Four poems by Momtaza Mehri

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اقرأ – the First Word. In His Name. The last book shut on us.
The lesson?
Angels speak in imperatives, could teach us a thing or two
about saying what we really mean.

subtext: a naar hung from the highest shelf/ of our ribcage/mark where a wetness dots space/between thumb and mouth/journey to & from/isra & mi’raaj/you left a teeth mark on the butter/of my wrist/

Four by four makes sixteen. ضرب to multiply is to beat. In my old tongue.
We are striking numerals together, hoping for a spark to feed one
of our mouths. Turn each uvula into a burning chandelier.

subtext: a dress of skin lost from an ankle/licked dry into a plate/watch me outwit this dunya/ with each finger snap

Five or twenty five. Both days spent on the big bed.
So BIG I wanna drown in it.
A bed is a country and your nape’s salt weight on a freshly changed pillow
a contradiction. I have named each checkpoint a ‘birthmark’ or something else permanent.

subtext: waiting for my father’s phlegmy cough/meaning yes/she is no longer a walking hazard sign known as daughter/ take her from me/ take my blessing and run with it

Seven. The seventh son died of treatable causes. An uncle still sees his face in the youngest.
Meanwhile, I am still auditioning for this country’s approval.

subtext: i am tired of counting/in a script that folds my lungs/draws a an exhale from the centre of ٥ mouth/ but mostly/i am just tired

عشرة remains the same in all languages. Imagine that kinda consistency
in a man/border of your choosing?

Dieuetmondroit

He, the cart-carrier, Kalahandar boy.
wrapped in sweat’s fine sheen, shalwaar rising and falling
like a raised flag (white)
or a collapsed lung (right?)
A Khaleeji sun to glue a man’s eyelids together.
Dubai hasn’t met an afternoon she couldn’t choke. Not yet.
Watch him weave though a human maze,
a mule load weight on his shoulders.

Take of me what you will,
but pay me. She understands this language. A life in fine print and remittances.

She, in a black abaaya trailing, a spray of folded jasmine,

and three shades darker still,
a sugar-free Coke lulling the back of her throat.
Watch breath frost a window’s glass. From the inside,
an aunt barters gold across a counter’s gloss.
Outside, a man glistens in all the worst ways.
Between them there is so much,
and so little, but mostly,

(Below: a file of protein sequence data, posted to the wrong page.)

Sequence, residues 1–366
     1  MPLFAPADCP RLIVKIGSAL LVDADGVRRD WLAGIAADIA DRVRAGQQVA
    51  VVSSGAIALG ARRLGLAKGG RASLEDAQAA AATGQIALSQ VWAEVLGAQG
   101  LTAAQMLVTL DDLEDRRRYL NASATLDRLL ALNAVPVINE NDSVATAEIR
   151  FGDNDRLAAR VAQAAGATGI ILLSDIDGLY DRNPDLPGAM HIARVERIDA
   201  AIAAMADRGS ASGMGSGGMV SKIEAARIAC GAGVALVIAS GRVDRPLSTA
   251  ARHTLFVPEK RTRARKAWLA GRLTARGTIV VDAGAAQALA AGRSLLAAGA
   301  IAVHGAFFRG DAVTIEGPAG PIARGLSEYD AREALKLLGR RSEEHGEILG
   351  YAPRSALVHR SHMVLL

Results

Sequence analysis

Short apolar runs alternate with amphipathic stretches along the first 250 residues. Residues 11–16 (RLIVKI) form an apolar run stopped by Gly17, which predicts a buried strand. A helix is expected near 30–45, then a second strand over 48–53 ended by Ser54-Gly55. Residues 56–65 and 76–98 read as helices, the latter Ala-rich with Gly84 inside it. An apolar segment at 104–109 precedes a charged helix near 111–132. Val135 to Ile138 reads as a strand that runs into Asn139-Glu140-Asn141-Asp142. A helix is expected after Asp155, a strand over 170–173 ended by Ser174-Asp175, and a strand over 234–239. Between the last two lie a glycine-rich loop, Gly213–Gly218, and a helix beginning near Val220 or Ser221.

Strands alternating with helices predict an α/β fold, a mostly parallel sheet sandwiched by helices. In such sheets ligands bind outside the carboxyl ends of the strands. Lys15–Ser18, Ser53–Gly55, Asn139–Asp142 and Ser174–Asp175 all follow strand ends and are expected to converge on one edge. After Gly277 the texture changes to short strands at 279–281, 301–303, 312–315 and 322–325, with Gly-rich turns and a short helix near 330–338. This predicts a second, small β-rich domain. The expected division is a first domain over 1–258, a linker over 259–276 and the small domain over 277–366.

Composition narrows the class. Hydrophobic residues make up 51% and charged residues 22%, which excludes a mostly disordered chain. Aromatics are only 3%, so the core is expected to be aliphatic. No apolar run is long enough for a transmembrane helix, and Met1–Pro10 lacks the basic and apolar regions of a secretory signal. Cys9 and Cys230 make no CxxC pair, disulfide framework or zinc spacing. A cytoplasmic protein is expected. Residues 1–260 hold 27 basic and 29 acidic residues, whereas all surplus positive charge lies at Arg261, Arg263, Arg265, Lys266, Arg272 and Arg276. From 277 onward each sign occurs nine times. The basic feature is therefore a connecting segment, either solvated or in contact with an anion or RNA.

Her Majesty’s cardboard pulse, blushing
from the inside of her travel pouch.

In the back of a yellow cab marked ‘occupied’,
twin windscreen wipers part their thighs,
and she tastes

the accident of her birth.


The Night We All Watched Talal Maddah Die On Television

The stage of keys became a footnote. An underline
to a dashboard heavy with cassette tape wonder.
We go backwards to go forwards, a shared madness.

His last words a dream of palm trees and a grazing breeze.
The Scholar. The Throat.
Makkah’s Golden Boy turned into a knot of eyebrows, clawing at collar,
a fit of nerves. A crowd yelps,
checks his pulse, hears the whole of the Hijaz held
from a thread, and your sigh, softer still frosting the glass of a TV screen.

Later, the confirmation. They always come too late. A heart attack.
Newscaster slips out of the standardised into yarhamu hu’ llah
into may he rest in the highest gardens.

Your mother, too, conducts her own ritual
from the mourning bed of the plastic-wrapped settee,
all too familiar with the sight of a man’s body
crumpling into itself.

The new millennium takes another innocence from us.


The Second Time I watched Talal Maddah Die Onscreen (Replay)

enter: الاصيل سويعات

enter: suwaycaat alasiil

enter:suwa3at alaseel

You find the video on a web corner, nostalgia-pungent and dislocated.
One comment thumbed into a dozen likes tells its own story.
Gives a context you didn’t ask for. Hit replay and ignore. Try to.

التياع جمر على ضمأى همسة الوداع غير لي ليس واخيرا

This strum, this song, it can’t be true. You’ve read it twice now, lingering
under the description box. He wrote this one, your favourite, after his youngest son fell
from a window. Apparently.

الوداع قتو من اعنف لوعة البقاع كل في حلو يا اجد لم

Was it a high-rise? Before or after crude oil bubbled into living rooms?
Before this heart-split we named modernity?
You are never sure, will never be. Know better than to trust what lies beyond a screen.
Trust only in what you’ve caught sight of.

On glossed-out, Beirut-set talent shows, they sometimes sing that final song.
There is always something damp and bottomless to each verse.
The contestant always looks nervous. This you are sure of.